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Judge Roberts's Slap at Women

By Robert Parry
August 18, 2005

The accusation that someone is “on the wrong side of history” is tossed around too freely in Washington debate, but it is relevant in assessing John G. Roberts Jr.’s disdain for women’s rights and thus his fitness to become a key swing vote on the U.S. Supreme Court.

Since World War II, the advancement of women’s rights ranks along with the civil rights movement as one of the most important steps toward making the United States a more just society.

Many of us raised in the 1950s saw our mothers denied jobs for which they were qualified, given menial assignments below their talents, or pushed out of the work force altogether. (My own mother was forced to quit her job after she got married.)

As that history of injustice was addressed in the 1970s and 1980s, how individual men responded was a test for males of that generation much as the black civil rights movement in the 1950s and 1960s was a test for whites. In that sense, the question from the old union song – “which side are you on?” – mattered.

There were legitimate questions about how one remedy or another was formulated or enforced. But the bigger question for a white American during the civil rights era or a man during the rise of feminism was whether they recognized the underlying injustice that the remedies were designed to address.

Two Memos

Which brings us to two little-noticed memos penned by Roberts when he was a young lawyer helping to shape legal policy in Ronald Reagan’s White House from 1982 to 1986. One of the women’s rights issues at the time was whether women should get equal pay for comparable work, and a Washington state “equal worth” case was winding its way through the federal courts.

Three Republican women in the House of Representatives – Olympia Snowe of Maine, Claudine Schneider of Rhode Island and Nancy Johnson of Connecticut – implored the Reagan administration to accept a U.S. District Court ruling in favor of the principle. They wrote that “support for pay equity … is not a partisan issue.”

As the issue heated up in early 1984, Roberts wrote two tartly worded memos, which showed which side he was on.

The first – to his boss, Fred Fielding, on Feb. 3, 1984 – denounced the notion of equal pay for comparable worth, saying “It is difficult to exaggerate the perniciousness of the ‘comparable worth’ theory. It mandates nothing less than central planning of the economy by judges.”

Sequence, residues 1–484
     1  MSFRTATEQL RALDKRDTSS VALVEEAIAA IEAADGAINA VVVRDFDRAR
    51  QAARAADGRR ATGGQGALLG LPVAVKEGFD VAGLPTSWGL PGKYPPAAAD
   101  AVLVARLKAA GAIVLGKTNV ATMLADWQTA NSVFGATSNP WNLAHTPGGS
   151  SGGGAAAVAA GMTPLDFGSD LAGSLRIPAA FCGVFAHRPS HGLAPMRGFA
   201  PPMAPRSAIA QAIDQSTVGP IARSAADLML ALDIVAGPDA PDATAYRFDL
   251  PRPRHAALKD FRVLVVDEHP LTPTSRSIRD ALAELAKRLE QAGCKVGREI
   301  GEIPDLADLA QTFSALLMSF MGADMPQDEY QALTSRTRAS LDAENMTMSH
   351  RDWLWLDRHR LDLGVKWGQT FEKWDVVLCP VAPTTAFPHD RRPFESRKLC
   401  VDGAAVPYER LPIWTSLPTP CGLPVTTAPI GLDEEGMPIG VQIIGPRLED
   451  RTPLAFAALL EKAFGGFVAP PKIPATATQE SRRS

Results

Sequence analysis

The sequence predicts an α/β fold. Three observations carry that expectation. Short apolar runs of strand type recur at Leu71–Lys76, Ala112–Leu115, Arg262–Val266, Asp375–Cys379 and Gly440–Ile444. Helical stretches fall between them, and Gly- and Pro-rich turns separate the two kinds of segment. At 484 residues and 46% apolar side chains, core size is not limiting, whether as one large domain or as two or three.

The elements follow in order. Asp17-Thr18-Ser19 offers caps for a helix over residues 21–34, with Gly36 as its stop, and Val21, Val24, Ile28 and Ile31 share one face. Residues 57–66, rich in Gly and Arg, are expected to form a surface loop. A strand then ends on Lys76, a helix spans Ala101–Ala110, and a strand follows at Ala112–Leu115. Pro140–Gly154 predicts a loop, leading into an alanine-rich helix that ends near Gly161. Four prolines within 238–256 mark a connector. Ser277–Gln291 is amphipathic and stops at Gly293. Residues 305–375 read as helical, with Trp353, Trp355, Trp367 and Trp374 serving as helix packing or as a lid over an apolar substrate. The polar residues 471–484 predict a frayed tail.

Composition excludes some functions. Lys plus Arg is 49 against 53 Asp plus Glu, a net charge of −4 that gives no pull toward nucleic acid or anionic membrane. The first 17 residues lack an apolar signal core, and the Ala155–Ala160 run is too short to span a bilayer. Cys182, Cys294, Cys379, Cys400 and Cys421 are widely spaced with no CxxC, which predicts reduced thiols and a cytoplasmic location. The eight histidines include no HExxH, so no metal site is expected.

Roberts returned to the issue in a second memo on Feb. 20, 1984, again using language that compared an approach toward rectifying wage discrimination against women to Soviet-style policies, the ultimate insult in the Reagan administration.

Roberts expressed annoyance that three Republican members of Congress would favor what he called “a radical redistributive concept.” He also cited possible justifications for paying women less than men for comparable work, such as the female tendency to lose seniority by leaving the work force for extended periods, presumably for child-rearing.

‘To Each …’

But Roberts didn’t stop there. He included in the memo a quip likening the congresswomen’s advocacy of “equal pay for comparable worth” to the most famous expression of communist principles.

 “Their slogan,” Roberts wrote, “may as well be ‘From each according to his ability, to each according to her gender.’”

The existence of these two memos was reported by the Washington Post on Aug. 16 near the end of a lengthy article on the National Archives’ release of Reagan-era documents on Roberts. But the slap at the women’s rights issue has drawn little attention.

When asked about Roberts’s memos, Olympia Snowe – now a U.S. senator – responded diplomatically. “Hopefully, 21 years later, Judge Roberts possesses an openness with respect to issues of gender-based wage discrimination,” Snowe told the Post.

But the larger point is that Roberts – while in a position to influence policy inside the White House – opted for a knee-jerk right-wing position on an important discrimination issue facing the American people.

Then, rather than showing sensitivity to the long history of injustice inflicted on women in the work place, he chose to make a joke, suggesting that women wanted money they didn’t deserve.

“From each according to his ability, to each according to her gender,” Roberts wrote. [Emphasis added.]

While Sen. Snowe may be right in hoping that Roberts has become more open to women’s rights, the memos are clear evidence that George W. Bush’s choice to replace Justice Sandra Day O’Connor is not a man who saw an injustice against others and sought to right it.

Instead, Roberts demonstrated lawyerly thinking and ideological disdain in opposing a strategy that tried to reduce the unfairness. Indeed, his memos suggest that he wasn’t even aware that there was a serious injustice.


Robert Parry broke many of the Iran-Contra stories in the 1980s for the Associated Press and Newsweek. His new book, Secrecy & Privilege: Rise of the Bush Dynasty from Watergate to Iraq, can be ordered at secrecyandprivilege.com. It's also available at Amazon.com, as is his 1999 book, Lost History: Contras, Cocaine, the Press & 'Project Truth.'

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